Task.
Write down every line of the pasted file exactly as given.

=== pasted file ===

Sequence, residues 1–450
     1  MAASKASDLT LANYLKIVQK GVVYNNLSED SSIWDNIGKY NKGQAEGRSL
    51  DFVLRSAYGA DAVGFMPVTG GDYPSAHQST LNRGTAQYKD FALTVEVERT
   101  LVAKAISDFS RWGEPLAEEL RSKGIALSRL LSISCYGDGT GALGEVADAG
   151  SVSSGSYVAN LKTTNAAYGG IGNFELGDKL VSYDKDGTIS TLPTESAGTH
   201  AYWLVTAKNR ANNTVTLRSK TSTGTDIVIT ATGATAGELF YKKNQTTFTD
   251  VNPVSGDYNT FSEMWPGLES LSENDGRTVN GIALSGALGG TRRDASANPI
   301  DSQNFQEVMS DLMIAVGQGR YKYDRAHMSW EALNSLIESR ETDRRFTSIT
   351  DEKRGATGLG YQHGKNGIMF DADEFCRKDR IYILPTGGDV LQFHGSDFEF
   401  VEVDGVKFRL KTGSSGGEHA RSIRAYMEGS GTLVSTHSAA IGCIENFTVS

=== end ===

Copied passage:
Sequence, residues 1–450
     1  MAASKASDLT LANYLKIVQK GVVYNNLSED SSIWDNIGKY NKGQAEGRSL
    51  DFVLRSAYGA DAVGFMPVTG GDYPSAHQST LNRGTAQYKD FALTVEVERT
   101  LVAKAISDFS RWGEPLAEEL RSKGIALSRL LSISCYGDGT GALGEVADAG
   151  SVSSGSYVAN LKTTNAAYGG IGNFELGDKL VSYDKDGTIS TLPTESAGTH
   201  AYWLVTAKNR ANNTVTLRSK TSTGTDIVIT ATGATAGELF YKKNQTTFTD
   251  VNPVSGDYNT FSEMWPGLES LSENDGRTVN GIALSGALGG TRRDASANPI
   301  DSQNFQEVMS DLMIAVGQGR YKYDRAHMSW EALNSLIESR ETDRRFTSIT
   351  DEKRGATGLG YQHGKNGIMF DADEFCRKDR IYILPTGGDV LQFHGSDFEF
   401  VEVDGVKFRL KTGSSGGEHA RSIRAYMEGS GTLVSTHSAA IGCIENFTVS